Get out and be bold. Impact investing as a tool is only as innovative as the investor who wields it. As a lean family foundation, we at The Fink Family Foundation have challenged ourselves to utilize all forms of capital—human, intellectual, social, spiritual, and financial—to make the change we want to see in the world. Impact investing enables us to leverage all these assets to identify, research, and build replicable and scalable solutions that pave the way for follow-on impact investments by larger funders. Our goal is to spark a broader impact investing movement that leverages dollars from larger foundations and market rate investors, and it all starts with people.
Investing in Human Capital
One challenge facing the impact investing field is a widespread lack of knowledge and skilled human capital. Awareness, education, and skillsets among funders, intermediaries, and impact investing advisors need to advance at a faster pace. The latter two groups now can't resist the pull from their clients to provide advice and investments that align with family and foundation missions, purpose, and investing style.
The Fink family started its impact investing journey in 2001 by focusing on mitigating climate change through energy efficiency, solar business model development, and carbon markets. We believed investment in this area would have the largest impact across the environmental and ecological sectors. We then expanded our investment scope to include adaptation and resiliency, with investments such as green housing in New Orleans and storm water infrastructure, to keep pace with the changing world. Our next focus will be on understanding risk in our portfolio as a whole in this volatile environment, including stranded assets evaluation and longer-term shocks to portfolios due to climate change. Each of these phases has required that we invest in distinct types of human capital—environmental experts in the carbon markets early on; then solar, wind, and energy efficiency practitioners; and now specialists of risks and volatility.
Understanding how important this expertise has been to our own effectiveness, one of our main initiatives is now building the capacity of the impact investing sector, in part through leadership development. We have supported interns, fellows, and MBA students interested in pursuing impact investing, at both for-profit and nonprofit organizations. Proudly, many of those young professionals are now up-and-coming leaders in the field. We are in the company of other pioneering organizations in this area, including Cordes Foundation and Sorenson Impact Foundation, and it is encouraging to see more and more higher-education institutions creating curriculum for impact investing and the CFA Institute and other credentialing organizations building it into their training.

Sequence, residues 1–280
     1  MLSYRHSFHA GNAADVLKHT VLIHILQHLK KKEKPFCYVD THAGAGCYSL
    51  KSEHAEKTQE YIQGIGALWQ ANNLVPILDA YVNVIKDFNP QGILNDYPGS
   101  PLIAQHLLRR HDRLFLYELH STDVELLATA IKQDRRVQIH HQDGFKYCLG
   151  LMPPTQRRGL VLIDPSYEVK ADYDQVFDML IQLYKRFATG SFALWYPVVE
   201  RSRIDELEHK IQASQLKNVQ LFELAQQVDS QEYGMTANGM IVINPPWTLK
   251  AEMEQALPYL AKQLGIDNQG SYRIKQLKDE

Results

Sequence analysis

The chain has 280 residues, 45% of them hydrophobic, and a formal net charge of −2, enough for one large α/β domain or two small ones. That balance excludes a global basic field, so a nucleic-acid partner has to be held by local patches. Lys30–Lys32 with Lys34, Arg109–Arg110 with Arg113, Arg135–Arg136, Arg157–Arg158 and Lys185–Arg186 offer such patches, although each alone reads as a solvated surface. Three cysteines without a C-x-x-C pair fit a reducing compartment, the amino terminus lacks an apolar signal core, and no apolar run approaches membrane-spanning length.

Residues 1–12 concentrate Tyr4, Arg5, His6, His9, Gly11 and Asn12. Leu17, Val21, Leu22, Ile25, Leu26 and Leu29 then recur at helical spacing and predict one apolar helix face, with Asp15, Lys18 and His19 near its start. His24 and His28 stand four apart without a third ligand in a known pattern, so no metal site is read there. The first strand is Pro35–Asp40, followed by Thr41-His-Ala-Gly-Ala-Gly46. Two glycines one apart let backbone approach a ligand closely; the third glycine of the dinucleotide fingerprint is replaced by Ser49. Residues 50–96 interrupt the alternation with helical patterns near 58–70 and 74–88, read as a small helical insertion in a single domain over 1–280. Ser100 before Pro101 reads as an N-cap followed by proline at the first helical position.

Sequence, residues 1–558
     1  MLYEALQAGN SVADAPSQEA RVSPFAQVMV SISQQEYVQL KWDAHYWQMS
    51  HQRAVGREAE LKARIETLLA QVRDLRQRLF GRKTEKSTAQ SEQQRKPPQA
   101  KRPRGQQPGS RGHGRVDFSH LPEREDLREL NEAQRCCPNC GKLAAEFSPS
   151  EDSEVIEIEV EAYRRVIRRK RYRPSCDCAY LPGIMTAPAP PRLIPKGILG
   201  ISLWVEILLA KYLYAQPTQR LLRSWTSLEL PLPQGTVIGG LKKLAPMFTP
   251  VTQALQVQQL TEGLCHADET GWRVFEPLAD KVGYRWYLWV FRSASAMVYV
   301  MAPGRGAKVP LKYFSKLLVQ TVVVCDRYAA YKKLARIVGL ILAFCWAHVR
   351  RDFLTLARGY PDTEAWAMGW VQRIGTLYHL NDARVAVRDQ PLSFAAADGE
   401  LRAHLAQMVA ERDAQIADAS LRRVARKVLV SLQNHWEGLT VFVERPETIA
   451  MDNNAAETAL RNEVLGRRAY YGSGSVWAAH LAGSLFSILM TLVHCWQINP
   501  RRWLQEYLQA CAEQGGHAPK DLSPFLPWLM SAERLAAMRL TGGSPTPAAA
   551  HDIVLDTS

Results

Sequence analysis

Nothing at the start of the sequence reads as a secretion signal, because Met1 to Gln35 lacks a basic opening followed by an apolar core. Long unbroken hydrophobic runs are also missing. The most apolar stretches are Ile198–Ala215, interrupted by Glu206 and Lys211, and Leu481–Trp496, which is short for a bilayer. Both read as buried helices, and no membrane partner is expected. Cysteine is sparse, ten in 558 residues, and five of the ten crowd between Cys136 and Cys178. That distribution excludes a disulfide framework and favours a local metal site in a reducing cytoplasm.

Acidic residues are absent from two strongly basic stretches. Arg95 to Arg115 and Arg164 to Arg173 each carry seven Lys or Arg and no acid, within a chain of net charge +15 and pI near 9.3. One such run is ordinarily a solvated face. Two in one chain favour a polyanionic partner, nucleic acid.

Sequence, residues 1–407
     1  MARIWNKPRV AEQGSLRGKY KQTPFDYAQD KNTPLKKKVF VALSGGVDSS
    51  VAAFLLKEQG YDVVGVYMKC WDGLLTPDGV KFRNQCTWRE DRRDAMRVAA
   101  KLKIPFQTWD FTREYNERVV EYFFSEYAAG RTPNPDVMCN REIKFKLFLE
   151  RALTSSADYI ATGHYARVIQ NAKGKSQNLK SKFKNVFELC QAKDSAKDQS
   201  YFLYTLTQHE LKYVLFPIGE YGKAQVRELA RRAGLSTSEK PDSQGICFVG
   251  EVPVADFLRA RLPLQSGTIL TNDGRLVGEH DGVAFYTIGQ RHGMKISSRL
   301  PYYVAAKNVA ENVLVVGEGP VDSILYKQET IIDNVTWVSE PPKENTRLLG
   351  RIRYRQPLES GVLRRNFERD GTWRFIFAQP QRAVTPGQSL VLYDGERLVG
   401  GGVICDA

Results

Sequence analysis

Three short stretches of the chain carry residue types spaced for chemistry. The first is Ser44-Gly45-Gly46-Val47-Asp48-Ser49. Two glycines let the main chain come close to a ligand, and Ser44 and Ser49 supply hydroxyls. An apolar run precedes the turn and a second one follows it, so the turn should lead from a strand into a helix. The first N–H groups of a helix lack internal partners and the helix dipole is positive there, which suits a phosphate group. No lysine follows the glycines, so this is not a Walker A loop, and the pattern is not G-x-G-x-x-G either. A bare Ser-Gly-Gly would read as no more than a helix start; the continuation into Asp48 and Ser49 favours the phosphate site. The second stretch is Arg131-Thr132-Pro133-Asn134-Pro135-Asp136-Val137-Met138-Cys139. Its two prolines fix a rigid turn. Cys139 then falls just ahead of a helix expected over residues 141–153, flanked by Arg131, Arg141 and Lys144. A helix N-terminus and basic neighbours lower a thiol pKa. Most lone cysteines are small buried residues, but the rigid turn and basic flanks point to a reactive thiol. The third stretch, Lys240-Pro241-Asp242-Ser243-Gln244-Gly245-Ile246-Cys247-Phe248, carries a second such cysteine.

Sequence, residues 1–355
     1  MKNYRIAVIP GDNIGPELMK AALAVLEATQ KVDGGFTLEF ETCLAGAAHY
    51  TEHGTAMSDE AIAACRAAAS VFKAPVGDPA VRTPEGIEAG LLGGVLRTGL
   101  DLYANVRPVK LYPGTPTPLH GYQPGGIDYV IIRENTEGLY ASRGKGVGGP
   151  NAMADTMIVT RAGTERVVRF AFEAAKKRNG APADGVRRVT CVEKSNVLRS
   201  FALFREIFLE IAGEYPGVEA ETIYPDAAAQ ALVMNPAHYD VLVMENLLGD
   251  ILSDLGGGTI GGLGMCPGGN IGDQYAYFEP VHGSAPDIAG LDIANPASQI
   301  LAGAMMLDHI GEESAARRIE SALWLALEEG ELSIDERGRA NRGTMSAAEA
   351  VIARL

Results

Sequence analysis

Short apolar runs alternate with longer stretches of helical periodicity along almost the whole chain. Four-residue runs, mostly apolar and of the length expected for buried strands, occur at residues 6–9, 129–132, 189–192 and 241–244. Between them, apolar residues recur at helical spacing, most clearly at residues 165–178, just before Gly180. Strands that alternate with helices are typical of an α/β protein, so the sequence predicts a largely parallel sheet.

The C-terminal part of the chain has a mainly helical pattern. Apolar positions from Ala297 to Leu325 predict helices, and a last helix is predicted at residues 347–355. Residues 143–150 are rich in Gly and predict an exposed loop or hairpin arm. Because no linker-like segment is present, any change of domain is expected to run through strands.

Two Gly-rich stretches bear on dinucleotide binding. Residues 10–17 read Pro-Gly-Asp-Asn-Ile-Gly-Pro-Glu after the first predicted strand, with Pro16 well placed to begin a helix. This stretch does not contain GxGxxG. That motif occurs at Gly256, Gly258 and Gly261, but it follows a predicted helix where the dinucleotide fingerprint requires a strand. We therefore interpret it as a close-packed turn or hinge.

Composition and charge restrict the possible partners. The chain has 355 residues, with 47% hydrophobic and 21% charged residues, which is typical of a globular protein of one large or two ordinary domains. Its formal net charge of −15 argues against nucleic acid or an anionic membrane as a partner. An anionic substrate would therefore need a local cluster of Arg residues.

Investing via Collaboration
A common challenge for foundations is getting the investment side of the house speaking with the programmatic side. Without this, we lose the bigger picture of trying to solve a problem.
To break through this barrier in one of our issue areas, food waste, we provided seed funding and human capital to create ReFED, a nonprofit initiative focused on bringing together US organizations to glean economic, social, and environmental value from the reduction of wasted food. We realized that to move the needle, we needed far more investment than our foundation could provide; we needed to collaborate. Our grantmaking had been active in food insecurity and sustainable agriculture, while the investment team at MissionPoint Partners had deep knowledge and investment expertise in the agriculture and waste sectors. Under ReFED, we came together—along with nonprofits, policymakers, and other investors—as a single team to tackle the problem of food waste. By involving everyone in the discussion and facilitating dialogue, the ReFED effort has provided a framework for investments to achieve the food waste reduction goals. Annual catalytic investments of $100-$200 million over a decade can unlock $18 billion in financing, leading to a $100 billion gain in economic societal value (see ReFED report) An example of this might be investing in food recovery infrastructure to leverage foundation grants to existing NGOs.